Arterial stiffening, hypertension and left ventricular (LV) remodelling are associated with increased risk of cardiovascular disease. Cardiorespiratory fitness is associated with cardiovascular function and reduced risk of cardiovascular disease. This cross-sectional study was carried out to determine the relationships between cardiorespiratory fitness, arterial stiffness, blood pressure (BP) and LV remodelling in women. On the basis of peak oxygen uptake, a total of 159 premenopausal (young) and postmenopausal (older) women were categorized into either low (unfit) or high (fit) cardiorespiratory fitness groups. The arterial stiffness and LV remodelling were measured by brachial-ankle pulse wave velocity (baPWV) and carotid augmentation index (AI) and LV relative wall thickness (RWT). Two-way analysis of variance indicated a significant interaction between age and cardiorespiratory fitness in baPWV, carotid AI, BP and RWT. In the older group, arterial stiffness (baPWV; 1401±231 vs 1250±125 cm s-1, P<0.01, AI; 32.9±9.9 vs 24.8±10.1%, P<0.01), systolic blood pressure (SBP) (130±22 vs 117±15 mm Hg, P<0.01) and RWT (0.47±0.08 vs 0.42±0.04, P<0.05) in fit women were lower than in unfit women. In older women, RWT was significantly related to baPWV (r=0.46, P<0.01), carotid AI (r=0.29, P<0.05), SBP (r=0.57, P<0.01) \[Vdot]2peak (r=0.32, P<0.05). In young women, they were not significant correlations, except for a weak correlation between RWT and SBP (r0.21, P0.05). These results suggest that higher cardiorespiratory fitness is associated with lower arterial stiffness, BP and RWT in older women.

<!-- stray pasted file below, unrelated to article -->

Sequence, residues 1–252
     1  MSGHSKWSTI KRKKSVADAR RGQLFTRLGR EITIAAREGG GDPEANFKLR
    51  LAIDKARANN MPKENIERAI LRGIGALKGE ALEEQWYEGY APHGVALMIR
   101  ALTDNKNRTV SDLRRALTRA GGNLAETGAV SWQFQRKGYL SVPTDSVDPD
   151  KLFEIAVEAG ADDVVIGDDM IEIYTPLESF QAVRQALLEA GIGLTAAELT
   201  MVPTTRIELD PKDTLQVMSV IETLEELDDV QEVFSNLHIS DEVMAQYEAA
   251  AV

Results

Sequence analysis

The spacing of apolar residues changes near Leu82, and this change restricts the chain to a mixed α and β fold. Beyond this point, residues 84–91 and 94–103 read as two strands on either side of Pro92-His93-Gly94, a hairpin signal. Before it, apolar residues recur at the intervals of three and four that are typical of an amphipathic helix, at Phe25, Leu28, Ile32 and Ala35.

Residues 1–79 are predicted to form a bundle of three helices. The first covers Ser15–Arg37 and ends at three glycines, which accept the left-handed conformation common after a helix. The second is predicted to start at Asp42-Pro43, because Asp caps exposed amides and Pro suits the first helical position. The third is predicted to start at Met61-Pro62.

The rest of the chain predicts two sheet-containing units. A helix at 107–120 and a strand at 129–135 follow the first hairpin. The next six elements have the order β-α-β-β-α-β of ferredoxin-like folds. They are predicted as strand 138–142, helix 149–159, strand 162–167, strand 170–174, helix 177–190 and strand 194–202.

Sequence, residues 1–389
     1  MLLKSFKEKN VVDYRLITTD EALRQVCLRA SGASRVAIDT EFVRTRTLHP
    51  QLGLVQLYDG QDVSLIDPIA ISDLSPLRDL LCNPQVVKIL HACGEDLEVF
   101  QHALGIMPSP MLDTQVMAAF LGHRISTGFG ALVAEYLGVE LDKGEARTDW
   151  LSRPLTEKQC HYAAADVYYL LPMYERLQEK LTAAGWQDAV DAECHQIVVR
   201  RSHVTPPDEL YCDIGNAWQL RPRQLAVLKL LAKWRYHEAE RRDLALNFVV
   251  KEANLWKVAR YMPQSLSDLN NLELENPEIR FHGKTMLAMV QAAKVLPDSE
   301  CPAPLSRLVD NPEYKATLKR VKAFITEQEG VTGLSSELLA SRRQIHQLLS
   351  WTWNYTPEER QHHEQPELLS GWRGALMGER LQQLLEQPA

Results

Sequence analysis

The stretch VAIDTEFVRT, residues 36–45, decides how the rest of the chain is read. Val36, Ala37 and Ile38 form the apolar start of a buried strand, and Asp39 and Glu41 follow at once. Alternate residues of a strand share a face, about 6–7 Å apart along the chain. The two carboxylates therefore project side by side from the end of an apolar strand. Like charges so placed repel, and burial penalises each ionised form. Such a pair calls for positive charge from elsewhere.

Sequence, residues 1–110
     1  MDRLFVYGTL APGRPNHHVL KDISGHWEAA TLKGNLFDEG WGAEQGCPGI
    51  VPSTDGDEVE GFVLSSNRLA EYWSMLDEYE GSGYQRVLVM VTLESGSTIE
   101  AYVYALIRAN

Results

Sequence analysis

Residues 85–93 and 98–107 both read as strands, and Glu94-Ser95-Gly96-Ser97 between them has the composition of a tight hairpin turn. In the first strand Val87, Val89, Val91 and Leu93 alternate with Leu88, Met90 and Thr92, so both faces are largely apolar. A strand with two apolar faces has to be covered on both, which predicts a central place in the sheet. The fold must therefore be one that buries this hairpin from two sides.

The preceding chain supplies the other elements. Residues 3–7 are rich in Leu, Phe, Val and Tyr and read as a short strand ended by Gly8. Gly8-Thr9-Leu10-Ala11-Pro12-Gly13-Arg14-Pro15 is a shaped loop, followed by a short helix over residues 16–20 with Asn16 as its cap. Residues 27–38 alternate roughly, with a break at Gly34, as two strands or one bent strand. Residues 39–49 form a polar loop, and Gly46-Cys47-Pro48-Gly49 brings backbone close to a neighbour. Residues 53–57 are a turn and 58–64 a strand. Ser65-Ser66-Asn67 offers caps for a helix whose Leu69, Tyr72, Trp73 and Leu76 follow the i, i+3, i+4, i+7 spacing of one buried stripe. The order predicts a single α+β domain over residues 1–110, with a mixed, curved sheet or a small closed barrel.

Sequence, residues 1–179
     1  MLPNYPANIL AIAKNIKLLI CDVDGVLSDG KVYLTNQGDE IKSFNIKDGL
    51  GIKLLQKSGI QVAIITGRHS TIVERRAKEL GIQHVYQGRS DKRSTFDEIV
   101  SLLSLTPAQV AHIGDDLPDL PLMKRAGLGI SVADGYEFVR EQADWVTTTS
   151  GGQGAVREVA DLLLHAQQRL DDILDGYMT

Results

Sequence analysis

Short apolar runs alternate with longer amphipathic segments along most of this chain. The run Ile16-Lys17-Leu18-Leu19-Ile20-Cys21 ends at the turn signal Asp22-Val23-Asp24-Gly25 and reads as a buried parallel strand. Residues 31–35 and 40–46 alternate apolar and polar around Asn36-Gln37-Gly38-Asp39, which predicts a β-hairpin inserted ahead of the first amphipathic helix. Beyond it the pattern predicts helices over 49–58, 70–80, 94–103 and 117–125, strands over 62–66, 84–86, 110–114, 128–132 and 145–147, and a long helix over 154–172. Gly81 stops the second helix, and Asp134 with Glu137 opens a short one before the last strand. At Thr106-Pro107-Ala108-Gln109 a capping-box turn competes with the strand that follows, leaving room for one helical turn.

ASJC Scopus subject areas
- Internal Medicine